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Public Service Enterprise Group, Incorporated v. Ferland

A-232-99T3 and A-245-99T3 (N.J. Super. App. Div. 2001) (Unpublished)

CORPORATIONS; SHAREHOLDERS; DERIVATIVE ACTIONS—In reviewing an allegation of mismanagement by shareholders against directors, a court will abide by the directors’ decision if they act in accordance with the business judgment rule and the procedures followed were reasonable and in good faith.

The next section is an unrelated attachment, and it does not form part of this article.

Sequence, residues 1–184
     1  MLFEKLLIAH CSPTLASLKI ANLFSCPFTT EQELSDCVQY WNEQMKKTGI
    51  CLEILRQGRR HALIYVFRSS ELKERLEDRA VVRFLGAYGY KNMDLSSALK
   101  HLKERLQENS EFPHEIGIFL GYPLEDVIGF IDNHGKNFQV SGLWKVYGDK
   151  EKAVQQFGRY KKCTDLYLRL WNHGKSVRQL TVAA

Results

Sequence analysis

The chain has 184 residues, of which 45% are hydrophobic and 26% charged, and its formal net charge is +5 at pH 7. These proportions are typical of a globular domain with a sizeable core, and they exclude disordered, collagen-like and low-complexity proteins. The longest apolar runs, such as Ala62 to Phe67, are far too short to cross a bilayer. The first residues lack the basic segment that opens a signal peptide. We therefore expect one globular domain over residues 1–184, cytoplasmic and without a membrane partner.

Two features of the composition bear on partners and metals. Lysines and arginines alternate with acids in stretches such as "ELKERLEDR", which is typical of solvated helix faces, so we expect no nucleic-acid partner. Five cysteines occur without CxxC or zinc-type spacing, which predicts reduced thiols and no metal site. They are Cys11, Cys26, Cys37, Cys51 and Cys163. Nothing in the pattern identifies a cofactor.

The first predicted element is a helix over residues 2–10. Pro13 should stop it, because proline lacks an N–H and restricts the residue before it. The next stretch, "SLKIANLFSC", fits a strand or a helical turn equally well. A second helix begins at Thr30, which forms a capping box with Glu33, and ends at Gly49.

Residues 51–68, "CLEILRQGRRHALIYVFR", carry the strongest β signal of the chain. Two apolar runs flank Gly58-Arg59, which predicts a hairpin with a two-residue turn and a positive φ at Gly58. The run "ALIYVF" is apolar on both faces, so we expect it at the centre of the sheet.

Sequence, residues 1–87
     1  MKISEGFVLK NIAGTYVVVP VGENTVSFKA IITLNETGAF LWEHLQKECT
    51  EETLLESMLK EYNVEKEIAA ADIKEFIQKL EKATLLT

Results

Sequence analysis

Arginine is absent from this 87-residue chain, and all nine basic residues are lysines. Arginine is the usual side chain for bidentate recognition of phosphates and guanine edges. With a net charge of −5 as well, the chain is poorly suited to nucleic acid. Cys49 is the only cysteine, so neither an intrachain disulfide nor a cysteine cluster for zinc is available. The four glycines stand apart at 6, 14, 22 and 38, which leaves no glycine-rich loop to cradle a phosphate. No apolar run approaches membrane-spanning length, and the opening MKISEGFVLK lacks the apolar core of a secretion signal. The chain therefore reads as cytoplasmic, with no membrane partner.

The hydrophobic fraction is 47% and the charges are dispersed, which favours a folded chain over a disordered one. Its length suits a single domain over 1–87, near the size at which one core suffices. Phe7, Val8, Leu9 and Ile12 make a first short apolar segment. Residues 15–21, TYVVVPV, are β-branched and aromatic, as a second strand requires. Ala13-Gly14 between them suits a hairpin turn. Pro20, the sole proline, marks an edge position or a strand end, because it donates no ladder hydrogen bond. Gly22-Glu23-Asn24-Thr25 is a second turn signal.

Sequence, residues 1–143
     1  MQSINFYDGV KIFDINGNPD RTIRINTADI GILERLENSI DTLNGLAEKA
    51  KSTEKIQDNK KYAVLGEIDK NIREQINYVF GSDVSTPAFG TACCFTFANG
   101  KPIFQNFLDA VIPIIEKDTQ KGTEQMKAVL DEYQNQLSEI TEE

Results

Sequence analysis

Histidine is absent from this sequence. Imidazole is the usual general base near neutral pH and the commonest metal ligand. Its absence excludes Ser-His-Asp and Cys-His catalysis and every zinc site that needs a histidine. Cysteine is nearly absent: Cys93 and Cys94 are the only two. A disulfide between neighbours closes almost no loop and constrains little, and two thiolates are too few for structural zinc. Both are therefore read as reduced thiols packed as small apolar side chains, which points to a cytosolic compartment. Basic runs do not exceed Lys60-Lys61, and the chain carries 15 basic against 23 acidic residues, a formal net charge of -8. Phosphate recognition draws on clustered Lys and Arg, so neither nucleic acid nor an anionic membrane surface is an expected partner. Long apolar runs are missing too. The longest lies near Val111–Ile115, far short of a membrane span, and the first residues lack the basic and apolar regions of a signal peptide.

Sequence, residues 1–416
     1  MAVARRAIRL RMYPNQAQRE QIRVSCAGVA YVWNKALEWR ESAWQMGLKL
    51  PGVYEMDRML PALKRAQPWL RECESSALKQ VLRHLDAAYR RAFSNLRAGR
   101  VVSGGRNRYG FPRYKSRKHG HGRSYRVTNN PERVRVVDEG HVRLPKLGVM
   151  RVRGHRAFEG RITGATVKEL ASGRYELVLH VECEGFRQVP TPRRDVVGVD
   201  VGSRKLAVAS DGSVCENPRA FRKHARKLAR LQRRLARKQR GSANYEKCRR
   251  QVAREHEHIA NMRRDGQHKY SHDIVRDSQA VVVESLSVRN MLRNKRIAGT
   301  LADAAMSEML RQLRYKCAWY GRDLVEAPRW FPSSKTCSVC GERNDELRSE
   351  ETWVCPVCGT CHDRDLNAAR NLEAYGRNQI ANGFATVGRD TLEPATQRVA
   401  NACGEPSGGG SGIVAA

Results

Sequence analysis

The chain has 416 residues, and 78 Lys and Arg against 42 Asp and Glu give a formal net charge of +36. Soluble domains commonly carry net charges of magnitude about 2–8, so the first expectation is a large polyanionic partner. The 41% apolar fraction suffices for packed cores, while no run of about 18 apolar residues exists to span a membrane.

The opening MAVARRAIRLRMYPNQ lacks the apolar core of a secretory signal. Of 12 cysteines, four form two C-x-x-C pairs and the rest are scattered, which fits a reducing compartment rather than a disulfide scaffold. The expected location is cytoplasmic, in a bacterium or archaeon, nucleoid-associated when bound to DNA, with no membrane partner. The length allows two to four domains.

A number of shareholder derivative actions for alleged reckless mismanagement of the company’s nuclear power generating facilities were filed against a public utility and certain directors and officers of the company. Substantial fines and temporary closure of one of the facilities resulted from the conduct of the company, its directors, and its officers. In some actions, demands were made upon the company’s board of directors. In others, no such demands were made, based upon the allegation that a demand would have been futile. In response to one of the shareholder’s demands, the company’s board engaged a law firm to conduct an investigation. The firm was experienced both in nuclear power matters and in shareholder litigation. It also was independent and uninvolved in other matters affecting the company. The law firm spent about 4,500 attorney hours in its investigation, reviewed over 43,000 pages of documents, conducted over 30 interviews, and investigated a number of operating failure incidents at the nuclear power facilities. Its conclusion was that the board of directors had acted pursuant to the business judgment rule and that the corporation’s certificate of incorporation absolved the directors and officers from liability from the alleged breach of duty. The investigating law firm specifically found that the directors and officers of the company instituted good faith programs to address the need for equipment improvement at the facilities and to improve operating and personnel matters. Further, the law firm found that the board and the officers utilized the assistance of outside experts in making various personnel changes and improving the organizational structure of the reactor operations. The Court endorsed the lower court’s announcement of “a single standard of judicial review in shareholders’ derivative suits of decisions by boards of directors (a) to reject demands to commence litigation, or (b) to terminate derivative litigation commenced by shareholders claiming the futility of demand.” Under the rule adopted, the approach is to shift the burden in all cases to the corporation “to demonstrate that the board’s decision to dismiss a complaint was properly made… .” This results in the adoption of a modified business judgment rule, “the key feature being that the corporation, not the shareholder, would have to meet an initial burden of proof… .” Basically, courts “would have to dismiss a shareholder derivative suit in accordance with management’s recommendation so long as the corporation could establish that a decision maker acted reasonably, in good faith, and in a disinterested fashion.” Therefore, the court would not substitute its own business judgment for that of the management. To determine whether a corporation has met this burden, a court must consider “all relevant justifications from management’s determination, including the seriousness and weight of the shareholder’s allegations. The factors that a court should consider are as follows: (1) whether the board members were independent and disinterested; (2) whether the board members acted in good faith; (3) whether the board members exercised due care in their investigation; and (4) whether the board members’ decision was reasonable.” These standards are “quite low and should be readily met, ... at least where, ... the allegations are ‘of corporate mismanagement implicating [the] duty of care.’ Following those rules, both the lower court and the Appellate Division concluded that the company’s board of directors met all of the conditions that would satisfy the proper application of the business judgment rule. As to whether the board’s investigation into the shareholder demand in the suit was made with “due care and good faith,” a Court does not make inquiry “into the substantive decision of the board, but rather [] into the procedures employed by the Board in making its determination.” Here, the Court, reviewing the qualifications of and the method employed by, the investigating law firm, felt that those conditions were met. Consequently, the shareholder’s derivative actions were dismissed.


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